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On Feb 27, 2015, at 21:28, Mark Tinka email@example.com wrote:
On 28/Feb/15 03:08, David Farmer wrote:
If you only look at it through the lens of the current multi-homing requirement for an ASN then you don't need it, it is totally anticipatory and only a future need, but that is self-fulfilling. I'm suggesting that multi-homing is too narrow of a definition of need for an ASN. The PI assignment and what every justified that should also equally justify the need for ASN assignment. The PI assignment was intended to be portable, also assigning an ASN simply is intended to facilitate that portability. I'm saying that the need for portability is also a need for an ASN, if you look beyond multi-homing.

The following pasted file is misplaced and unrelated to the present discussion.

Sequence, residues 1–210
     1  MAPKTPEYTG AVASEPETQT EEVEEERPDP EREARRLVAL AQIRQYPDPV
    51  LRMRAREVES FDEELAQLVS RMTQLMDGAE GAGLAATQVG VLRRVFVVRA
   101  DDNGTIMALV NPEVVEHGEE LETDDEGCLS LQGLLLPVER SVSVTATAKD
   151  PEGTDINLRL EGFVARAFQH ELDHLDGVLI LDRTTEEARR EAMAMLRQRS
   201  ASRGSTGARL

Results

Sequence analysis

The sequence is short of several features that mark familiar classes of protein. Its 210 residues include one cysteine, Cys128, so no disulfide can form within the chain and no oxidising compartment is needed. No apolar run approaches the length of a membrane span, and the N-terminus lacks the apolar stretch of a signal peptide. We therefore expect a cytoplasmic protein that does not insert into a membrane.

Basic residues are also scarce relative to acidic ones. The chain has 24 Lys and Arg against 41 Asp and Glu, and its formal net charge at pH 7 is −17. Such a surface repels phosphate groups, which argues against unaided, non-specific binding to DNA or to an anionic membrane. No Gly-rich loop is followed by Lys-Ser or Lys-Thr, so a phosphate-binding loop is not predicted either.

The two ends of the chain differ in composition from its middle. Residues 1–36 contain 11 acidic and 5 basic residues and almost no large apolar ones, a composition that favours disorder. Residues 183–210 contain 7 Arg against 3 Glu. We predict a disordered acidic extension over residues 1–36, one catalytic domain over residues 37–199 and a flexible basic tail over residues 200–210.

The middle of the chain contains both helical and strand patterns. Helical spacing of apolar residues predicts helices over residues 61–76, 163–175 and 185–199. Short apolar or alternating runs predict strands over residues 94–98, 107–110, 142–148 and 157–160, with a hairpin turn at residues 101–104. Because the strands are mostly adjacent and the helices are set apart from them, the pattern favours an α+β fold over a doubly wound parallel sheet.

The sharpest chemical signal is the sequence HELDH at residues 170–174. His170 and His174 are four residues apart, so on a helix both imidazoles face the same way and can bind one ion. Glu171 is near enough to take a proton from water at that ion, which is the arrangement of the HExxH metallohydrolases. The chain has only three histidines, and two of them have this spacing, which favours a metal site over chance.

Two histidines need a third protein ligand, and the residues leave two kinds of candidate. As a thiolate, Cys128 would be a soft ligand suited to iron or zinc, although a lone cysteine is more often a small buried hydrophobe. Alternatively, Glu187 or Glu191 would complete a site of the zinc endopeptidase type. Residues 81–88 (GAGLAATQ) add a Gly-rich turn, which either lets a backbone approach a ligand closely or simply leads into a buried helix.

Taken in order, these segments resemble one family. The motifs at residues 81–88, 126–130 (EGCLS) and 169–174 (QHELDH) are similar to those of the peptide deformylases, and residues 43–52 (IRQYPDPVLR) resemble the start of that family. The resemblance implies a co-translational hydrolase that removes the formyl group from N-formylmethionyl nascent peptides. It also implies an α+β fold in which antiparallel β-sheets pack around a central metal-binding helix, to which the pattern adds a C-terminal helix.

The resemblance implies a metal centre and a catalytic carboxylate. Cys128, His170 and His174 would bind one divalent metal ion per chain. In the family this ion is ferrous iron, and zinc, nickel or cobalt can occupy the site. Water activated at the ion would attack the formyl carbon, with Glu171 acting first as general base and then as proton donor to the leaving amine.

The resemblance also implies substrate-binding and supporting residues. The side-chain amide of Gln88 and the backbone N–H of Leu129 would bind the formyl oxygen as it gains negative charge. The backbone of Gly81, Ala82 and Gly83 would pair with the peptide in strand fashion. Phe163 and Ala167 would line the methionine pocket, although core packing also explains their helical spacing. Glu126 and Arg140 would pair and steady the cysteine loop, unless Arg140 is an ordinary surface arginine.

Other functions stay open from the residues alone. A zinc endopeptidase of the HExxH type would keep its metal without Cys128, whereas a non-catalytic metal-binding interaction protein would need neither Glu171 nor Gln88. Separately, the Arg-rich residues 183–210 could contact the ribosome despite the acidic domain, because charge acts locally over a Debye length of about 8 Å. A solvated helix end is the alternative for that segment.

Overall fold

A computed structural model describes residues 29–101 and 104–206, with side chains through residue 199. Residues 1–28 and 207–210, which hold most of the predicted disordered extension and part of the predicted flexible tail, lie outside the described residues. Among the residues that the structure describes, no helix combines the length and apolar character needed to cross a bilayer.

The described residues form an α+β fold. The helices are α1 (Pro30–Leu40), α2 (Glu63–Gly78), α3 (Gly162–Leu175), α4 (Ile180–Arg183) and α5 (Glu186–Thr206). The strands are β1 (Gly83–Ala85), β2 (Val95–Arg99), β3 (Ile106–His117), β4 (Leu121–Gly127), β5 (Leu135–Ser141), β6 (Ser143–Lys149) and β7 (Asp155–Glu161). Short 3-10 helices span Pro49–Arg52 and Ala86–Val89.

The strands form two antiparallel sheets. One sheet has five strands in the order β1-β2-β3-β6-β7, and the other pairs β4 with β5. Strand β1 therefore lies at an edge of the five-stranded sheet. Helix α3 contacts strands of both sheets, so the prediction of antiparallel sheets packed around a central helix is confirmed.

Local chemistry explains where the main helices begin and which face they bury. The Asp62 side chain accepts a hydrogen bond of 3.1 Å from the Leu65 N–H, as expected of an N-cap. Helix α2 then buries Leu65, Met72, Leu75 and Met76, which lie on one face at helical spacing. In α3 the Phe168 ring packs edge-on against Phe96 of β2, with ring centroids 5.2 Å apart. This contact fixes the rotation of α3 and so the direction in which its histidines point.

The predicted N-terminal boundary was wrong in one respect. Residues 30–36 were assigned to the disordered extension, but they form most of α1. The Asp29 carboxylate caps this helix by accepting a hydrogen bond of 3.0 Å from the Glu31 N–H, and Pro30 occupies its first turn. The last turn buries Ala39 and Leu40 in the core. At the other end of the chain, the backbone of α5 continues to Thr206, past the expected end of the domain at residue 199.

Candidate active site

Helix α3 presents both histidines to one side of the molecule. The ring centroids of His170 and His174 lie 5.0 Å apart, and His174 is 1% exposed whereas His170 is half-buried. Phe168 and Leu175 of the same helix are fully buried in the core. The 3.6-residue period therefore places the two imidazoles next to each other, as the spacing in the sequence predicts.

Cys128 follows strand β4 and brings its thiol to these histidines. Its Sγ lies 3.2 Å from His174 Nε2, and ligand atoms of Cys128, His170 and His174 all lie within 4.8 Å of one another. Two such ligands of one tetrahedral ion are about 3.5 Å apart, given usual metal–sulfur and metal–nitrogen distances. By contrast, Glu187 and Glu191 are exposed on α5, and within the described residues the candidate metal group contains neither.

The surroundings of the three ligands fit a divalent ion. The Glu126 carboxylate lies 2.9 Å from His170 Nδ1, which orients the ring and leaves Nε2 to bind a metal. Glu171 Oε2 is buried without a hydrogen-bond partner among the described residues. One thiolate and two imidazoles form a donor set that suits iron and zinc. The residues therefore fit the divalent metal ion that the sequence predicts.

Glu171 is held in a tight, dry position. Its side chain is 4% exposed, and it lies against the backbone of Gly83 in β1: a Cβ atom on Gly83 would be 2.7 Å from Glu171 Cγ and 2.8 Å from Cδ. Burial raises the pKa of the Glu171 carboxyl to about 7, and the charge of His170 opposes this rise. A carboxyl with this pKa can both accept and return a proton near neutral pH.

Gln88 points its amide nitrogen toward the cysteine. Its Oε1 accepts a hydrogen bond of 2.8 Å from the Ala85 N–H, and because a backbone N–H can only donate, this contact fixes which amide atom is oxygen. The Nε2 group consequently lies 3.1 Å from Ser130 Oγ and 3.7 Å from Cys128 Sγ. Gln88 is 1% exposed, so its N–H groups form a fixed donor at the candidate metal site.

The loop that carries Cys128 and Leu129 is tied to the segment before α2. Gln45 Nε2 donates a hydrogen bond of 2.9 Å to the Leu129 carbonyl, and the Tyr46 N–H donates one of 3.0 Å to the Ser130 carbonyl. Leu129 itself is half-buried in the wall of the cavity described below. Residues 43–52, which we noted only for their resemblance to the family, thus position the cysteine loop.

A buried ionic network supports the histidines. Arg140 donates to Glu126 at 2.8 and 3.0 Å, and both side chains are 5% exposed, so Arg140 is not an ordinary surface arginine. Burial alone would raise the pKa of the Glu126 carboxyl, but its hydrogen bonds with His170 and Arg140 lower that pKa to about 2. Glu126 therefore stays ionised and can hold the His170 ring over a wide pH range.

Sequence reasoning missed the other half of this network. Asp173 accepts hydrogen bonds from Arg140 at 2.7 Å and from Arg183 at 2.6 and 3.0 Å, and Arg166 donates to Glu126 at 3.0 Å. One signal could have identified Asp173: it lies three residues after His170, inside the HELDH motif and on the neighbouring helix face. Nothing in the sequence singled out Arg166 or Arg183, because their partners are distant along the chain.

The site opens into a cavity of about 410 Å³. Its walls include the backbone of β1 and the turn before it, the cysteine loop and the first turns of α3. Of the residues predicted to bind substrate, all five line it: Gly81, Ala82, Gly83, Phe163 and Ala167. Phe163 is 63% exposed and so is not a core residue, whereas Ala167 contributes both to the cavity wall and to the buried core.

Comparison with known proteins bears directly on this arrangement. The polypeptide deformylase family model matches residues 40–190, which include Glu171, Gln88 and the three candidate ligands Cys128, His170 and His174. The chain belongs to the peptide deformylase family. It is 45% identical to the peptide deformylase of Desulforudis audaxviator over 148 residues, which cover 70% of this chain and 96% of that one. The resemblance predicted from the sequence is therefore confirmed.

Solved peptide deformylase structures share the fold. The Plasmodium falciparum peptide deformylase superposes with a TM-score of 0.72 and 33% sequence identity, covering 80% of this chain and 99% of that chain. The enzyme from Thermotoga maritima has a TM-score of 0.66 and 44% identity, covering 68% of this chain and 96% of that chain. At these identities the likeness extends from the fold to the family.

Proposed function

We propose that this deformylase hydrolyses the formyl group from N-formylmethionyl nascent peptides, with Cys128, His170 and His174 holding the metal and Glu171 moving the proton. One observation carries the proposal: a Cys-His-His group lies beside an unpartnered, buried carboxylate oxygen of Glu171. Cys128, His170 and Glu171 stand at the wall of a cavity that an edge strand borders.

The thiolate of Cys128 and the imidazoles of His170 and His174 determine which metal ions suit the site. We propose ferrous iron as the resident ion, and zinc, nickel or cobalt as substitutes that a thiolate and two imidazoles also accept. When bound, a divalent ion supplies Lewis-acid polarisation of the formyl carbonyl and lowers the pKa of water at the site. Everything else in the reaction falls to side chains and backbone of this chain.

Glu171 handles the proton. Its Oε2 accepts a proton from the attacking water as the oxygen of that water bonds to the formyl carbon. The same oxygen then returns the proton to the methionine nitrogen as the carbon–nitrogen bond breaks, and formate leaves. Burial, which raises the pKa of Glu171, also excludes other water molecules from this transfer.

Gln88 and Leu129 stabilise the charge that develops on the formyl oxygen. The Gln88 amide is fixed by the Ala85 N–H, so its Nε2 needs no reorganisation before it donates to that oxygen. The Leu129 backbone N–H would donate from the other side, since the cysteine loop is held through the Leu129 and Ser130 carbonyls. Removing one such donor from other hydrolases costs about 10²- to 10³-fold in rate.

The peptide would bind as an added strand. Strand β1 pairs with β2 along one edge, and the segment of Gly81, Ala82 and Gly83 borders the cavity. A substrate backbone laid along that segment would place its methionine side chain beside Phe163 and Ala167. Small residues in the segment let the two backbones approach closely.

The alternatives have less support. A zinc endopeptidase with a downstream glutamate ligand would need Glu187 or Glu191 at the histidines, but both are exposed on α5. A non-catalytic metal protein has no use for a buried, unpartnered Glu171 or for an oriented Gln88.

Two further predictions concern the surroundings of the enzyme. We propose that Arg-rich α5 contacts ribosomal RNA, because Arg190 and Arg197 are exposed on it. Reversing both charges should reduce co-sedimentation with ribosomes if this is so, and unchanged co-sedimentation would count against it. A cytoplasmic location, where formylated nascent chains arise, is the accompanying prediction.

True, PI is meant to be portable, which is fine for IPv6 because we have a lot of address space.
But don't you worry that you will blow through 4.2 billion ASN's soon if PI allocation policy evolves to become liberal that 4.2 billion PI allocations become a reality?
If IPv6 PI allocations gets too liberal, the routing system as we know it will implode long before we allocate 4.2 billion ASNs. Restricting the number of ASNs in use in the routing system isn't really going to help that much. The total number of prefixes, PA or PI, has been the primary limiting factor historically. Limiting the portability of PI prefixes by not allocating ASNs won't save the routing system. Only ensuring that the growth in the number of prefixes, both PA and PI, is sustainable and doesn't exceed the growth in the prefix limit for the typical router in use in the Internet at any point in time will keep the current routing system going.
We need a new kind of routing system, we've known that for a while. But that is not a policy issues for the RIRs, that is a technology issues for the IETF and the IRTF. I think things like LISP and ILNP are promising in the long run. We just have to keep the current routing system going until those technologies can prove themselves. We do that by keeping total prefix growth sustainable, not by limiting portability of PI prefixes.